SnapsToDevicePixels="{TemplateBinding SnapsToDevicePixels}" 
                    VerticalAlignment="{TemplateBinding VerticalContentAlignment}">
                                    </ContentPresenter>
                                </Decorator>
                            </Decorator>
                        </Decorator>
                    </Grid>
                </Border>
                <ControlTemplate.Triggers>
                    <Trigger Property="IsEnabled" Value="False">
                        <Setter Property="Foreground" Value="{DynamicResource {x:Static SystemColors.GrayTextBrushKey}}"/>
                        <Setter Property="Opacity" Value="0.5"/>
                    </Trigger>
                </ControlTemplate.Triggers>
            </ControlTemplate>
        </Setter.Value>
    </Setter>
</Style>

If the style is in your window or app resources, then you can apply it like so:

<Label Style="{StaticResource GlassLabelStyle}"

And while I'm at it, I encountered an issue with TextBox's too, where you simply cannot alter the background color when the control is disabled (it just keeps reverting to white) so someone figured out that you have to override the entire template! See (http://stackoverflow.com/a/3752517/88409). So here is a ready-to-use style that will make a text box translucent when disabled (looks great on glass) and will make its background a semi-translucent white with a more visible border when enabled:

<SolidColorBrush x:Key="DisabledBackgroundBrush" Color="#01000000" />
<SolidColorBrush x:Key="DisabledBorderBrush" Color="#40000000" />
<SolidColorBrush x:Key="DisabledForegroundBrush" Color="#88ffffff" />

<Style x:Key="TextBoxStyle" TargetType="{x:Type TextBox}">
    <Setter Property="Background" Value="#88ffffff"/>
    <Setter Property="BorderBrush" Value="Black"/>
    <Setter Property="Template">
        <Setter.Value>
            <ControlTemplate TargetType="TextBox">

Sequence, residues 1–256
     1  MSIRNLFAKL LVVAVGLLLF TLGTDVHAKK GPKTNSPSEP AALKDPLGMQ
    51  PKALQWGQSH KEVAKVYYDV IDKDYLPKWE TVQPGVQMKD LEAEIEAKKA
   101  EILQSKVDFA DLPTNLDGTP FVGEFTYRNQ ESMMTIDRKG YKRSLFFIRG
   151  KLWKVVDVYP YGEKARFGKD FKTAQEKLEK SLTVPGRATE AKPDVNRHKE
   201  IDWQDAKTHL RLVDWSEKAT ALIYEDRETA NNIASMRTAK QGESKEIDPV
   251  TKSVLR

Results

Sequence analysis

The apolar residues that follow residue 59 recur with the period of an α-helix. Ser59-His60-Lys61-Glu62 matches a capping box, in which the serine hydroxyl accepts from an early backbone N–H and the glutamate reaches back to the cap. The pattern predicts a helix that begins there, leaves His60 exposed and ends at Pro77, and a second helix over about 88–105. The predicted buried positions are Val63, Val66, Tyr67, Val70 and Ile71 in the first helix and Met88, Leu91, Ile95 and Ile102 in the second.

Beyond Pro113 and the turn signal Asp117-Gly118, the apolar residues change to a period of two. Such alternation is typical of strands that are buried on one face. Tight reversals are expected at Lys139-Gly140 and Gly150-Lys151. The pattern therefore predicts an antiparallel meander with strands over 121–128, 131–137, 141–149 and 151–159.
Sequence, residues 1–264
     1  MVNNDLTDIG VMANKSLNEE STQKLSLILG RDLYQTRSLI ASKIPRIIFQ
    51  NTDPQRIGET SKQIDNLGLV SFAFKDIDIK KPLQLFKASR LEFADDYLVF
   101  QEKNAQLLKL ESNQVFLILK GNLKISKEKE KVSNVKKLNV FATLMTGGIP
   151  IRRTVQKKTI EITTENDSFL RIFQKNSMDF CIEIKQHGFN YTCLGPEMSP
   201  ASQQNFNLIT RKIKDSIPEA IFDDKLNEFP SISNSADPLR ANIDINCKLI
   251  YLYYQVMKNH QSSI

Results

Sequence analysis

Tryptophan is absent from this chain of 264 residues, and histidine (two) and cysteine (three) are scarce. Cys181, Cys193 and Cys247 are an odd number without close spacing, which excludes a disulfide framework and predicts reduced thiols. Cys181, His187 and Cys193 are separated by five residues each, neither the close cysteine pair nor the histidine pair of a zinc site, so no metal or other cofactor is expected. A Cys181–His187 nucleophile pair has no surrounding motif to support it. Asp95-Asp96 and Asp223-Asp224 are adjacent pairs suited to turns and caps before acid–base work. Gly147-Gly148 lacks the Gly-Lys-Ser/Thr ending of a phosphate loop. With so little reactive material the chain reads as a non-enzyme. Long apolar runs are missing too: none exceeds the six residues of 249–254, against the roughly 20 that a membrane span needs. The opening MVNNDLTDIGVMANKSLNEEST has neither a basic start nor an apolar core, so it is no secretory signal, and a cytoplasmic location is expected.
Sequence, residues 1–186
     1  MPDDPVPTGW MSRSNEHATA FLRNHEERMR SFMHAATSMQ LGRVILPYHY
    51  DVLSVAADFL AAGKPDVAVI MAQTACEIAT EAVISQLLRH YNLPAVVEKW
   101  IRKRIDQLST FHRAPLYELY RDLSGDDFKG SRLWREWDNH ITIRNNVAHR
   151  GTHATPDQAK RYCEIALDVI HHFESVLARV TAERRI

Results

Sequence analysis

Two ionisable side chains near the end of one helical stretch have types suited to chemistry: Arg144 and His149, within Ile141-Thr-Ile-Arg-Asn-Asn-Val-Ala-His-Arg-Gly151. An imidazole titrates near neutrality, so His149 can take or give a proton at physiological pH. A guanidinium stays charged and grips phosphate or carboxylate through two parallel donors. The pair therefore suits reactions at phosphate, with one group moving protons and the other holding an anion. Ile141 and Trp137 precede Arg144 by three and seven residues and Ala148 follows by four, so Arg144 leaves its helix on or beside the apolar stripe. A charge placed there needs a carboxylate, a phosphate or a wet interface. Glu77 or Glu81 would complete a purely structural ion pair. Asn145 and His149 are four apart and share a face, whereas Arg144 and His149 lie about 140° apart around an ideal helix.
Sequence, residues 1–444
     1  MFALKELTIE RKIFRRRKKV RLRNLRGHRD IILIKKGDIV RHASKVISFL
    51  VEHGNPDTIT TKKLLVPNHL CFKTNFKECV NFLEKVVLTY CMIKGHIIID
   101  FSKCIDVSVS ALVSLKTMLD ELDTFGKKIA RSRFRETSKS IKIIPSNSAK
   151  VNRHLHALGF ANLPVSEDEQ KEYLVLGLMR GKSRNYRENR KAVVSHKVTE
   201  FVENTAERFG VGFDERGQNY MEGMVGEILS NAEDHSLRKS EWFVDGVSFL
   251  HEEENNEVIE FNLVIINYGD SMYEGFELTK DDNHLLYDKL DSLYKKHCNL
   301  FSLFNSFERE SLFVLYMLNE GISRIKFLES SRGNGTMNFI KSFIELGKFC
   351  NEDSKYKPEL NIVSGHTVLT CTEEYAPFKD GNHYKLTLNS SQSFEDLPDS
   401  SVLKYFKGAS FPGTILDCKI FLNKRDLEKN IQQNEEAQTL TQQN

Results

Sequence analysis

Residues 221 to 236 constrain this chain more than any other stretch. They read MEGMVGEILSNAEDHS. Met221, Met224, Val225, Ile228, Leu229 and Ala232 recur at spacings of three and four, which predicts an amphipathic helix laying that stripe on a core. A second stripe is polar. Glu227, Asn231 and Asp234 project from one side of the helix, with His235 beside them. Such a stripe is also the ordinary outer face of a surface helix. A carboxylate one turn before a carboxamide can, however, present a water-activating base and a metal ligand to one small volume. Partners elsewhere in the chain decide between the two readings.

<Border Name="Bd" BorderThickness="{TemplateBinding BorderThickness}" 
                                    BorderBrush="{TemplateBinding BorderBrush}" 
                                    Background="{TemplateBinding Background}" 
                                    SnapsToDevicePixels="true">
                    <ScrollViewer Name="PART_ContentHost" Background="{TemplateBinding Background}" 
                                SnapsToDevicePixels="{TemplateBinding SnapsToDevicePixels}" />
                </Border>
                <ControlTemplate.Triggers>
                    <Trigger Property="IsEnabled" Value="False">
                        <Setter Value="{StaticResource DisabledBackgroundBrush}" Property="Background" />
                        <Setter Value="{StaticResource DisabledBorderBrush}" Property="BorderBrush"/>
                        <Setter Value="{StaticResource DisabledForegroundBrush}" Property="Foreground" />
                        <Setter TargetName="PART_ContentHost" Property="Background" Value="{StaticResource DisabledBackgroundBrush}"/>
                        <Setter TargetName="PART_ContentHost" Property="BorderBrush" Value="{StaticResource DisabledBackgroundBrush}"/>
                    </Trigger>
                </ControlTemplate.Triggers>
            </ControlTemplate>
        </Setter.Value>
    </Setter>
</Style>